The other team designs a future human colony, planetary or spacefaring, "creating and evolving" its culture as an Anthropological exercise in cultural structure, dynamics and adaptation. The technique allows the student to experience problems in human interactions and needs from the inside -- i.e., as a role-playing game which allows them to feel as well as see the results of their decisions through the new perspectives of the "others" they are identifying with.

Through a structured system of progressive revelation, the teams simulate -- and experience -- contact between the two cultures, exploring the problems and possibilities involved in inter-cultural encounters. In the process, students broaden their own appreciation of diversity and tolerance of differences. And, for the professional scientists, writers and artists of CONTACT, this alien metaphor gives us a chance articulate one of our major stated goals: To develop ethical approaches in inter-cultural contact, whenever and wherever it occurs.

The COTI simulation appeared as an OMNI cover story (10/92), was featured in Analog (1/92), and has been the subject of a PBS video documentary, aired by KCET in Los Angeles in 1987. It has also been described in scientific publications: E.g., "Anthropologists as Culture Designers," by the author in Case For Mars III (1989), The SETI Factor by Frank White (1990), and We, The Alien, a textbook in Anthropology by Paul Bohannan (1992).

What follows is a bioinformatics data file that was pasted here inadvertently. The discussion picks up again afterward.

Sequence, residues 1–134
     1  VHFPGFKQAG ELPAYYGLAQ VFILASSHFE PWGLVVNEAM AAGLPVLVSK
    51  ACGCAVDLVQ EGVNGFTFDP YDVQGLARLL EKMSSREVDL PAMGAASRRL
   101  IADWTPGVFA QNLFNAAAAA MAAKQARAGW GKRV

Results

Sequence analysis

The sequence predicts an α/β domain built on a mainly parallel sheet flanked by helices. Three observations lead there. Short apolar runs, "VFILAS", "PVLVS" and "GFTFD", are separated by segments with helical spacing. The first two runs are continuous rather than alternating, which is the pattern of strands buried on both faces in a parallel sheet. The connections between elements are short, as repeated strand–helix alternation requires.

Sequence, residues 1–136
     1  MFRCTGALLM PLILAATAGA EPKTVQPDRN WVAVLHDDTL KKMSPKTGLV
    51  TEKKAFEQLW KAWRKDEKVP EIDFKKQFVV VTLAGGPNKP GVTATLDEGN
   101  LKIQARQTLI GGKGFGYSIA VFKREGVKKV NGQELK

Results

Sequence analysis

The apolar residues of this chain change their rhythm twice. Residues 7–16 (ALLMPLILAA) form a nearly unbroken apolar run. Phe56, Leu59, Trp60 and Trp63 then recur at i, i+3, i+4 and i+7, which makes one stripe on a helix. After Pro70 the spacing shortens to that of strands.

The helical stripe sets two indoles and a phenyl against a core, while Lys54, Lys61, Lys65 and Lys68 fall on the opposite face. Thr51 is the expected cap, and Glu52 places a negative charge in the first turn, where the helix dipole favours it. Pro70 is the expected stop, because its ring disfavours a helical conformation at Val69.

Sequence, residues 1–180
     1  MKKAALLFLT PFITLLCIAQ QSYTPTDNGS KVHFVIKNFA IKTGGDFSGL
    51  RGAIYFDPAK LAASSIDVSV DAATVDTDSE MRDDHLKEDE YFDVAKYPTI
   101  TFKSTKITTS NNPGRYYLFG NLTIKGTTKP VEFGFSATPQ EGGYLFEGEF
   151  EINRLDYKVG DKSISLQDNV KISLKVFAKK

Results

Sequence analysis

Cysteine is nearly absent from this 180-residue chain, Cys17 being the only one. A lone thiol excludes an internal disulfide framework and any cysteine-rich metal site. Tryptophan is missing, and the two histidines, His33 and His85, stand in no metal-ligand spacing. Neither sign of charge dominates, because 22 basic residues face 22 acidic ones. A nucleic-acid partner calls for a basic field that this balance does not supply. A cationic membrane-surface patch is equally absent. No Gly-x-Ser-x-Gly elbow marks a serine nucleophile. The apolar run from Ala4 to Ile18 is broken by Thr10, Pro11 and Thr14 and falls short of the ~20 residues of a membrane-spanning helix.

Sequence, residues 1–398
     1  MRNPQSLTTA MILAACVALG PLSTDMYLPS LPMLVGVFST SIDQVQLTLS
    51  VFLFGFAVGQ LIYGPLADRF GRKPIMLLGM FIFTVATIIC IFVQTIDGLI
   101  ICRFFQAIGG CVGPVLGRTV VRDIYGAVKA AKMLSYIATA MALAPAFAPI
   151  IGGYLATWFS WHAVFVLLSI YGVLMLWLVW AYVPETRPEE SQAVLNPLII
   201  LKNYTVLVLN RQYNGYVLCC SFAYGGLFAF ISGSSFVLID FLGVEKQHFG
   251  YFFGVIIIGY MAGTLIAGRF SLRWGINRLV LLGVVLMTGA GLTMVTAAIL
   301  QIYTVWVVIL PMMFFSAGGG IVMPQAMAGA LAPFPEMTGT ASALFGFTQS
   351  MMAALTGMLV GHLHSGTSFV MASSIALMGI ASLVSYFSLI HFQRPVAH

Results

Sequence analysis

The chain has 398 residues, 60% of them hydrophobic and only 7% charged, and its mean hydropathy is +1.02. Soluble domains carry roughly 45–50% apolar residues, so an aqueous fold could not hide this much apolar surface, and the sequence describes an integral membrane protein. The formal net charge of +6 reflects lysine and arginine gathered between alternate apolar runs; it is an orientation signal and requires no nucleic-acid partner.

In 1993, a long-term, professionally-staffed version was organized as an international Bateson Project, "COTI Mundi," headed by Martyn Fogg, Wolf Read and Greg Barr. This team of scientists, writers and artists has produced "Epona," a meticulously researched and designed virtual world and its biota, illustrated with stunning visuals, which has been featured in several recent Discovery programs.